Two of the radial rotors were delivered to ORNL for mechanical property evaluation. Disks core-drilled from the blade and hub regions were tested in biaxial flexure to establish the AP and bulk strength of these components. Fully machined biaxial flexure discs cut from the hub section of the rotors were also tested. These AP and machined biaxial strength values from the rotors compare well with the data generated using MOR bars machined from tiles, suggesting that the mechanical property data generated from test bars can be reproduced in large net-shaped components.

An additional radial rotor has been spin-tested at room temperature to 97,000 rpm (the design speed) without failure. Spin testing above 100,000 rpm is planned as soon as a new hub assembly design is completed.

Further Evaluation

Saint-Gobain plans to supply prototype NT154 Si3N4 rotors during 2005 and 2006 for evaluation in the DOE advanced microturbine program. Also in 2005 and 2006, Saint-Gobain intends to provide NT154 Si3N4 hot section components to engine builders for other potential applications, such as small military turbine engines and aircraft auxiliary power units.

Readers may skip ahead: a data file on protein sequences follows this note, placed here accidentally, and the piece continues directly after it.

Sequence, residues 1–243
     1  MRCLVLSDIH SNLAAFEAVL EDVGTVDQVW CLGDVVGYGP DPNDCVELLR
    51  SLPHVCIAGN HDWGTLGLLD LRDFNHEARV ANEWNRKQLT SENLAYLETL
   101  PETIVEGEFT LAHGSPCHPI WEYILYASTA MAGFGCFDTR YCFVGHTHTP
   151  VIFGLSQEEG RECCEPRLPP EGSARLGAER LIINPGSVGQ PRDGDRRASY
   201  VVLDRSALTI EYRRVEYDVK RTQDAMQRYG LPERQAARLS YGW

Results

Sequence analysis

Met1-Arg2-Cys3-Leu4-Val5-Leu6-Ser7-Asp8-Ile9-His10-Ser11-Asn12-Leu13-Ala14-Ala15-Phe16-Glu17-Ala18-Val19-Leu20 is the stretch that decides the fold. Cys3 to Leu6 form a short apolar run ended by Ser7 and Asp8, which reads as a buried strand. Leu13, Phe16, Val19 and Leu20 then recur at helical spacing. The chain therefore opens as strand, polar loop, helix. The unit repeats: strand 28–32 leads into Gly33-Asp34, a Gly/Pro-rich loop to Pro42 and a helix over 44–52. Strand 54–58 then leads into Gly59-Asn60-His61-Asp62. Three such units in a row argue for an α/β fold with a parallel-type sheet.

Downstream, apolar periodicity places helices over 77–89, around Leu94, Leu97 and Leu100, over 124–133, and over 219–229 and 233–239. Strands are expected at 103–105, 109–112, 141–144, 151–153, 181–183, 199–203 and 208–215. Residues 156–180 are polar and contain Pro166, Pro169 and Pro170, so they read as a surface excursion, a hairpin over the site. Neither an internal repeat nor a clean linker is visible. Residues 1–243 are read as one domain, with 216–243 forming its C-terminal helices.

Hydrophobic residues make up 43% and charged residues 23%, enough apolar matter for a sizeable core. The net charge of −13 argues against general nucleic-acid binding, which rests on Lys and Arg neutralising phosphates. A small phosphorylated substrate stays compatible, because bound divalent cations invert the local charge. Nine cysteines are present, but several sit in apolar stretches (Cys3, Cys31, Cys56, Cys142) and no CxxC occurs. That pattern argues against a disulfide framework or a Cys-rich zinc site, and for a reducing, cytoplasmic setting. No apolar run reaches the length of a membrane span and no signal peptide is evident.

Authors' Acknowledgements

The authors would like to acknowledge funding by the U.S. DOE Distributed Energy Program and Oak Ridge National Laboratory (managed by UT-Battelle, LLC) under Prime Contract No. DE-AC05-00OR22725 with the DOE.

For more information about the NT154 Si3N4 components, contact Saint-Gobain High-Performance Materials, Northboro Research & Development Center, 9 Goddard Rd., Northboro, MA 01532; (508) 351-7815; fax (508) 351-7760; e-mail Robert.H.Licht@saint-gobain.com; or visit www.saint-gobain.com/us/businesses/ceramics.html.

More information about Oak Ridge National Laboratory can be found at www.ornl.gov.